The Changing Face of Headshots
Back in the days of film, getting a headshot was a major ordeal. It involved going to a photographer, surrounded by lights, running through the paces of faces, and then waiting for the proof sheets. Proof sheets were 8×10 prints with a couple dozen images on it that you had to look at with a magnifying glass to try and find just the right look. You’d use a grease pencil to circle and crop the best one and then wait for the photographer to get it reproduced. If you were lucky, the entire process would only take a week. Most of the time, it was longer. And it was almost always black and white because the processes were easy for a photographer to do it all in studio.
Digital photography improved the process. Color slowly worked its way into being the norm, but the methods were still very much the same. You’d get back dozens (sometimes hundreds if you got a photographer new to the scene) of potential headshots and you’d have to go through them all – one by one – looking for that best shot. You’d end up with all of these digital files on a CD – and there they would stay because you were too overwhelmed by the process of narrowing down your selections.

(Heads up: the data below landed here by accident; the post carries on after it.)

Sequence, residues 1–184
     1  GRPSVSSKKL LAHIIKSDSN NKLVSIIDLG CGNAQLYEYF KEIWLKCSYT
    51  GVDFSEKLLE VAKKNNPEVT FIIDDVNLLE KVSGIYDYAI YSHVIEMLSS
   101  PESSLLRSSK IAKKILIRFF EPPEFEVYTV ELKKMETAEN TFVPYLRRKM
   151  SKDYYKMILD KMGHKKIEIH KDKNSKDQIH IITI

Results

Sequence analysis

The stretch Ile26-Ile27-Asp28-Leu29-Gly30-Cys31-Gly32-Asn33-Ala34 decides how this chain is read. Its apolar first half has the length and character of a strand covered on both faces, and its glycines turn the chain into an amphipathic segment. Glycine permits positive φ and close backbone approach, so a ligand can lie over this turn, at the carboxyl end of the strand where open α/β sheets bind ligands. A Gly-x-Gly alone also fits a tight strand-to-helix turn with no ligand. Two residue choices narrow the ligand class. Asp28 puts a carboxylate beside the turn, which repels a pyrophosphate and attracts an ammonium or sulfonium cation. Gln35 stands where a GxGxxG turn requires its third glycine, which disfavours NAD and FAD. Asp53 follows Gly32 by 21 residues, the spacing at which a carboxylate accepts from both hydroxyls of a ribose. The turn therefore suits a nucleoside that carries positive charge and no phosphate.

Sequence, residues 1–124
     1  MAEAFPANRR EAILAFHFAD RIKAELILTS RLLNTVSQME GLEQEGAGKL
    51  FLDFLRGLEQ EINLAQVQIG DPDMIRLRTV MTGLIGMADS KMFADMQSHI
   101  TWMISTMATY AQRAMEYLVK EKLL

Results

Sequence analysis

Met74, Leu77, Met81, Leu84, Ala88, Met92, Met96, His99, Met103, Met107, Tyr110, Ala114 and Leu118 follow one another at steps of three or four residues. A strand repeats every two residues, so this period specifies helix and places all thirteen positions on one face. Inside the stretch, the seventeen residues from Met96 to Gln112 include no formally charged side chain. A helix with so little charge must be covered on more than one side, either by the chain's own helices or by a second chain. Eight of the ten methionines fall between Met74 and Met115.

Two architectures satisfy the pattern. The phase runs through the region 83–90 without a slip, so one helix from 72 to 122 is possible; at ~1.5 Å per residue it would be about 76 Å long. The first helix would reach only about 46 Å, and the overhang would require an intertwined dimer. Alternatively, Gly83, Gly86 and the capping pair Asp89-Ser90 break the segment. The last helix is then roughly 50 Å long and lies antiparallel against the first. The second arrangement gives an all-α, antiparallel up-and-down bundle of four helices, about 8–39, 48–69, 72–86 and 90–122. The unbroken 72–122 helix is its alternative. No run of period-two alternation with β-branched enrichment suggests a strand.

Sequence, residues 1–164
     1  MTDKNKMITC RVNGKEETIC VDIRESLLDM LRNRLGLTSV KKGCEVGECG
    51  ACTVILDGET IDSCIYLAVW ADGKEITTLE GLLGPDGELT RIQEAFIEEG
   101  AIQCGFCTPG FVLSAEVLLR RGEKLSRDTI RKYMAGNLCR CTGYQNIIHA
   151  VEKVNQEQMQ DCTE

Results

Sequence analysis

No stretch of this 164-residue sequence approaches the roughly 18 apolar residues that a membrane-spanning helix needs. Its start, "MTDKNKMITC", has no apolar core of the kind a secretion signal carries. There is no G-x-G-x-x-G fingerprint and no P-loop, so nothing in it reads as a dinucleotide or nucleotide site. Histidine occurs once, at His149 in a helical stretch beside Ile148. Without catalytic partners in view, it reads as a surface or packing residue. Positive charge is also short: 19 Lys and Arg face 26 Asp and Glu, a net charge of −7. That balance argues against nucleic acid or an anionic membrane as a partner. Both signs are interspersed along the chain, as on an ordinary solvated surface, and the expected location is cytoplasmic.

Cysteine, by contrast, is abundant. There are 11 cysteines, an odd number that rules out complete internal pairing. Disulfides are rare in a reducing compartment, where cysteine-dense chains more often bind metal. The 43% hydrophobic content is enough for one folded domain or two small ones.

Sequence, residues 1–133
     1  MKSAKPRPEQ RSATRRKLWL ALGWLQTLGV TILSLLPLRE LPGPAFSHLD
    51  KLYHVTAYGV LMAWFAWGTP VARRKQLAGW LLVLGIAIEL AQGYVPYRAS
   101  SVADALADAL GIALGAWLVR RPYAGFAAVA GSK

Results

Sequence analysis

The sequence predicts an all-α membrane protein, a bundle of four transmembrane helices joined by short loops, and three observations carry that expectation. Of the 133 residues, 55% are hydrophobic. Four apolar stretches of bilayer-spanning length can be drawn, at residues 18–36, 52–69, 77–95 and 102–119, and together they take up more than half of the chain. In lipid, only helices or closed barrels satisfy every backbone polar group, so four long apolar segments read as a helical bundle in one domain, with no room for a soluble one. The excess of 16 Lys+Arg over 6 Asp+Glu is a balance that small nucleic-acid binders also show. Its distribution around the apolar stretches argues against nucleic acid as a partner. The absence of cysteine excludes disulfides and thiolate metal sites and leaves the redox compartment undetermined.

Finally, the methods have caught up with the technology. Instant feedback means that not only can you pick out the best image with your photographer (or agent) right away, but you spend a lot less time in front of the camera – making it less expensive for both you and the photographer. When it comes to headshots, you really only need that one good image – and once selected, it is retouched and formatted for 8×10 complete with border and your name. This saves you even more time and money since the printer no longer has to make these modifications. If your budget is tight, you can print one at a time as you need them or you can save money in the long run by printing quantities – it has become your choice.
Now another change is happening. Actors are expected not only to have their normal, smiling, “commercial” headshot – they are finding better call numbers by having a handful of “character” headshots available. Digital makes this affordable and more actors are doing it every day. If you think about it from a casting director’s position – when you are casting an edgy role, what will get your attention faster – a smiling, well lit headshot or a moody headshot? Remember – a casting director spends less than a second on each headshot when going through submissions. In order to get that first audition you have to get in the “maybe” stack.